At the time the program began, social and intellectual movements in the United States and abroad were focusing on issues of science, technology, and society (Dickson 1984). These movements recognized the need to examine ethical and value dimensions in that interaction. The concerns are international, not just national, although they take distinctive shapes in different parts of the world. Interest among scientists and engineers in these kinds of problems might be said to have developed prominence with the nuclear bomb and the founding of the Pugwash conferences on science and world affairs in 1957. World War II also posed challenges to biologists and physicians, with the atrocities of Nazi scientists in the name of eugenics, and biologists and physicians began to recognize that new developments in genetics would pose increasing ethical questions. Environmental hazards and climate change issues, problems of scientific misconduct, new monitoring technologies—the list of concerns continues to grow. In addition science and technology create ethical opportunities that are worthy of study. They range from uses of forensics in criminal justice to uses of computer technology for disabled populations. The distinctive and increasingly powerful roles of engineering, science, and technology in modern life assure that subject matter for careful research will not be lacking anytime soon.

In these middle years, the program shortened its name slightly, from Ethical and Human Value Implications of Science and Technology (EHVIST) To Ethics and Values in Science and Technology (EVIST). It distributed more than 150 awards, ranging from a high of twenty-three in the year the program began, to a low of eight in 1983, as a result of the diminution of the program budget that year. (In the early twenty-first century, the program averages twenty-five to thirty awards per year; average award amount is $80,000 for an award of twelve to eighteen months.)

The awards covered a wide range of topics. One major area was environmental and hazards issues, which when coupled with agricultural ethics issues, formed a grouping representing about 20 percent of the total awards. These kinds of projects focus on the ethical and value dimensions of interactions of science, technology, and society, and these interactions continue to be a prominent area for program support. For awards made after 1985, this same grouping represents about 25 percent of the total. Areas that began to emerge—such as the use of animals in research, university–industry–government relations, and publication ethics—primarily examined issues in the conduct or practice of science and engineering. Awards in 1978–1979 to investigators Judith P. Swazey, Karen Seashore Lewis, and Melissa S. Anderson, for example, resulted in some of the first and most complete reports on perceptions of misconduct among science and engineering faculty and graduate students. This trend toward awards for such studies has continued and grown as societal concerns about professional accountability have increased. In the early twenty-first century, the program invests considerable resources in both research and educational projects in areas of research ethics. For example, support to the Association for Practical and Professional Ethics in 1999 through 2003 provided training in research ethics for graduate students and postdoctoral fellows in science and engineering. While the number of awards from 1989 to 2001 approximately doubled from the earlier period of 1976 to 1987, the number of awards in research and publication ethics increased eight times.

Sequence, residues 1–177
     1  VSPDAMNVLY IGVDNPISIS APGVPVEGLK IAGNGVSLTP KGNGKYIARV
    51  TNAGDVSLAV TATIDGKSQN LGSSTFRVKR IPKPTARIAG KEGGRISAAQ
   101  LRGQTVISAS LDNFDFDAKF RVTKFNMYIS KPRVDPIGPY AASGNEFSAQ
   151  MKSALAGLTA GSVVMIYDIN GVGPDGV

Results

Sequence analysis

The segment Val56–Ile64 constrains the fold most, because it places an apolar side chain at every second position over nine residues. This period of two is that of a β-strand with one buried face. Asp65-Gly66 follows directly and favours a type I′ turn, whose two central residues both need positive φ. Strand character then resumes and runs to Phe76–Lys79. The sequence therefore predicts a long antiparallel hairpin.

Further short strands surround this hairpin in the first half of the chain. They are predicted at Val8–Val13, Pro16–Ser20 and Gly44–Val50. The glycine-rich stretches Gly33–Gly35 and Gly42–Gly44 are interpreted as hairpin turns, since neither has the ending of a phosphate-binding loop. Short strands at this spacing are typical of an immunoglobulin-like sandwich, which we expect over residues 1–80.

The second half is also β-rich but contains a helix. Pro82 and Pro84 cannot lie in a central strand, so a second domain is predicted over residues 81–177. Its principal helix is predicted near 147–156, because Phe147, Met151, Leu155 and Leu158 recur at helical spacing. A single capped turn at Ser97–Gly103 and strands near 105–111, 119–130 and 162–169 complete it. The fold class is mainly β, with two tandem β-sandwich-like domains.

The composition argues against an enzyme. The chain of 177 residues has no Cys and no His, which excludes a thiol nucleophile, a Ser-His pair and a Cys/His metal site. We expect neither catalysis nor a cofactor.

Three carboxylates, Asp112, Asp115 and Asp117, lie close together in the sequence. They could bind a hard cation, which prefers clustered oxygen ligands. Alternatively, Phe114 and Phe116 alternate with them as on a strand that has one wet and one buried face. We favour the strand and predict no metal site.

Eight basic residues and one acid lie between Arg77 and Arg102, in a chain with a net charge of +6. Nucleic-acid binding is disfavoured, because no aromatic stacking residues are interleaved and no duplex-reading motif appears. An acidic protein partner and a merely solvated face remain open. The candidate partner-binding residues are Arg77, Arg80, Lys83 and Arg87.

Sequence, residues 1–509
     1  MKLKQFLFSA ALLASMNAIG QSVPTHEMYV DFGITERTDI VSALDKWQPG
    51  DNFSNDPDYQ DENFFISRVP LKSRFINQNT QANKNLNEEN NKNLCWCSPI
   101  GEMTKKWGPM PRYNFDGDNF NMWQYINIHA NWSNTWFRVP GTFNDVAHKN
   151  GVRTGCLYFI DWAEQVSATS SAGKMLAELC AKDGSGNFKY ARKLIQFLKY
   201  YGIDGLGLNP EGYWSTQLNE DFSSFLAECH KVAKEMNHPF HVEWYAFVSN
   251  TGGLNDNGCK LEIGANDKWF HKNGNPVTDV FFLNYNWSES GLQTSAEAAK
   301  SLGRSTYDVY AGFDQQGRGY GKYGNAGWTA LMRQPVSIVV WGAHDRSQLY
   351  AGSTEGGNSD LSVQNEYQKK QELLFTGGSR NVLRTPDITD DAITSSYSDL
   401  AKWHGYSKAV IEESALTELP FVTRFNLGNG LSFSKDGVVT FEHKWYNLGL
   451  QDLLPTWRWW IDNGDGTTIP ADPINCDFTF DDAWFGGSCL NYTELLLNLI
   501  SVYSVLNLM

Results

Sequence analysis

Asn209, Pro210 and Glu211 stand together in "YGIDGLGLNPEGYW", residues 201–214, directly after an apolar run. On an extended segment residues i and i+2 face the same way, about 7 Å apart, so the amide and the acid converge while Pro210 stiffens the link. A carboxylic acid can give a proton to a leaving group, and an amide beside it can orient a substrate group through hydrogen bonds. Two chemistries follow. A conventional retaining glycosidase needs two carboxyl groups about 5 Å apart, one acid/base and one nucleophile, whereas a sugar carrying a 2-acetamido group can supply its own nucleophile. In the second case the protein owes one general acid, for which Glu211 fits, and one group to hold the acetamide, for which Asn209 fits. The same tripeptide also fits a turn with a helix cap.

Principal investigators on ethics projects come from humanities, social science, and natural science and engineering fields. Over the period 1976 to 1987, the split among the three groups was almost even. By the early twenty-first century, a greater proportion of awards was going to social and behavioral scientists. During the period 1976 to 1987 the ratio of male to female investigators was about three to one and improving. This trend continues to be an area of program strength: From 1990 through 2002 the ratio of principal investigators was two males to one female. Support for minority and handicapped investigators in the earlier period was low. It is increasing, especially for Hispanic investigators, and there have been a few notable efforts; for instance, the award to a deaf historian of science, Harry G. Lang, resulted in the 2000 book, A Phone of Our Own: The Deaf Insurrection against Ma Bell, which won a number of awards. The program made a grant in 1998 to the American Philosophical Association to sponsor panels at its meetings, as well as to award small grants for investigators to research the implications for diversity of developments in science, engineering, and technology. A book containing some of the presentations and research results has been published (Figueroa and Harding 2003). Despite such examples, much room for improvement in this area remains. Finally, as with other NSF programs, investigators at universities granting postbachelor degrees received and continue to receive the majority of grants.